Tavern Story | Performing Arts Review | Chicago Reader

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Tavern Story, Steppenwolf Theatre Company. Each character here is so intent on what he's saying that he keeps talking even after someone else begins speaking, forcing both characters to repeat themselves several times before proceeding. This approach to dialogue places us squarely in David Mamet territory, of course, and when the play's set in a humble bar on Chicago's northwest side and features three none-too-bright guys, a girl, a gangster, and a whole lotta money, we can be fairly certain there's a con going on as well.

What keeps David VanMatre's Tavern Story well clear of parody, however, is the introduction of such exotic elements as a bona fide murder (if anything in this genre can be certified bona fide) and a ghost whose apocalyptic visions of a flood might not explain the onstage events but provide an entertaining distraction from the swindle--so diverting, in fact, that audiences may be extremely puzzled by the surprise ending. Rick Snyder directs a stylish production featuring muscular performances by Ron Dean as a lovesick tapster, Keith Kupferer as his bewildered attorney, and Kenn E. Head as the oracle, who communes with spirits of both the ectoplasmic and alcoholic variety. Tavern Story offers an engaging 90 minutes and a glimpse of a playwright who, if he's not conning us again, shows a great deal of promise.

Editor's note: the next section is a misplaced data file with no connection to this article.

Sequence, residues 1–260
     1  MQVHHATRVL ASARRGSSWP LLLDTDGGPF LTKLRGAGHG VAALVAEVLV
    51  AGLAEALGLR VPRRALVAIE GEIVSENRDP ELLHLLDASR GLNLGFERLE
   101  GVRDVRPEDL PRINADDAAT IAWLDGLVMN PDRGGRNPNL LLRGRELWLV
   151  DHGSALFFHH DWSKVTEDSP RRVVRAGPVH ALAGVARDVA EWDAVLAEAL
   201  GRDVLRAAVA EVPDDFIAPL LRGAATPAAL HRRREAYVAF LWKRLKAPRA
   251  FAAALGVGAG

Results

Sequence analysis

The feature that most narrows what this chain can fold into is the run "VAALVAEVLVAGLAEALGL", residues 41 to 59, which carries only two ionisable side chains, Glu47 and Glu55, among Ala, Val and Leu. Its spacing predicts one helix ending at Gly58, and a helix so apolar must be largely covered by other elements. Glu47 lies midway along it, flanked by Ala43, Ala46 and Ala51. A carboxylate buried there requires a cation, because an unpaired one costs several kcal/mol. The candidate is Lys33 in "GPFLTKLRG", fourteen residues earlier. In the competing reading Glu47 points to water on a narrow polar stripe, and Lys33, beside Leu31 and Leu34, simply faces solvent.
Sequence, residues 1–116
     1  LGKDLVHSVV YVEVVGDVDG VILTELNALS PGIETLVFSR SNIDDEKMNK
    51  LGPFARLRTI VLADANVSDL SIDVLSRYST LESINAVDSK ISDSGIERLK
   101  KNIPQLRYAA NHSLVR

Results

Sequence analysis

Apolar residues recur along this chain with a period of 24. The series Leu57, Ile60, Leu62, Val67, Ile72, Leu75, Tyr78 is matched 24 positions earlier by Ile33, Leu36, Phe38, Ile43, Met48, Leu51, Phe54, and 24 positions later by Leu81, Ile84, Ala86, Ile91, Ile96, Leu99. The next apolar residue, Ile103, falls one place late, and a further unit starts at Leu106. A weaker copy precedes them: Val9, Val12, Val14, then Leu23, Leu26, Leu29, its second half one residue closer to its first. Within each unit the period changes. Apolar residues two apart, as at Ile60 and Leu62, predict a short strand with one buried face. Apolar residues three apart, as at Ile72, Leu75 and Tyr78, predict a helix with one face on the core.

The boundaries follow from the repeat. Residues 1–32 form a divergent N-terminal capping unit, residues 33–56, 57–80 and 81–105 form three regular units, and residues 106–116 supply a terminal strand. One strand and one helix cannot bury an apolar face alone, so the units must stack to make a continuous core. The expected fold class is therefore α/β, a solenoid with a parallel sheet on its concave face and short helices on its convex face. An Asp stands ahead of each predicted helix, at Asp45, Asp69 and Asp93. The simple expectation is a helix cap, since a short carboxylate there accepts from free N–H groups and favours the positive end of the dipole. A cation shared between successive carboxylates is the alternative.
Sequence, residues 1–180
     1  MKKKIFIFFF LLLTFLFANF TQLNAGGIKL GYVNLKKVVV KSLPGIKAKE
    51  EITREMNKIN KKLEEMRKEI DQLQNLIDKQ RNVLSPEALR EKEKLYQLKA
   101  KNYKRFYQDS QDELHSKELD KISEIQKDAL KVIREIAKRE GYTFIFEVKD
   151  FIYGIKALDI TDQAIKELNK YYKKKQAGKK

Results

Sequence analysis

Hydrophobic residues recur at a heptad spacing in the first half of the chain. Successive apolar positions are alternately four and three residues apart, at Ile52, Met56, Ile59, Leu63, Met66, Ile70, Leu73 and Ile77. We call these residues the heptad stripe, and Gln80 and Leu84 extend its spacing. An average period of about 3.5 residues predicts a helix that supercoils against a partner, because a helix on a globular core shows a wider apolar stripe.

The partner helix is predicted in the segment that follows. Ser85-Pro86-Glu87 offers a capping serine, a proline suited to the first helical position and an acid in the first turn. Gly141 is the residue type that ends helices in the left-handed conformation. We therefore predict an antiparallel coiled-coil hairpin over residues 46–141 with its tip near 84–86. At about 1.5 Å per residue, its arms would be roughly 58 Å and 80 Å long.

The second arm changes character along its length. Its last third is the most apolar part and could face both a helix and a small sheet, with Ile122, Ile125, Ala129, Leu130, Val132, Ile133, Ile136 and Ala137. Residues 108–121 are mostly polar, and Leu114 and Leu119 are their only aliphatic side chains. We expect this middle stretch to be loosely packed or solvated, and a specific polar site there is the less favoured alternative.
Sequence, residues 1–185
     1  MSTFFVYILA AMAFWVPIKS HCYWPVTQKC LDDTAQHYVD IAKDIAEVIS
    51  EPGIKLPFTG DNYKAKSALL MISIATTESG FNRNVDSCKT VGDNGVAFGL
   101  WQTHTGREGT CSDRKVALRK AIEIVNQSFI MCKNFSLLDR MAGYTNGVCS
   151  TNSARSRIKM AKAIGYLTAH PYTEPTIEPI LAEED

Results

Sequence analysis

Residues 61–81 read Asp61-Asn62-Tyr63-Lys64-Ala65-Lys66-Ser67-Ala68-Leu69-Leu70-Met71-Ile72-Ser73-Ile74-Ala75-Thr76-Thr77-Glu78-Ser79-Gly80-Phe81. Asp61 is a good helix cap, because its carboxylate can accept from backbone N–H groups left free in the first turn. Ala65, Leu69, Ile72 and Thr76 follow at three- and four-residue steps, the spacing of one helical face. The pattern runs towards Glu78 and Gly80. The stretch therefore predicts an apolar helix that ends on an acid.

--Mary Shen Barnidge

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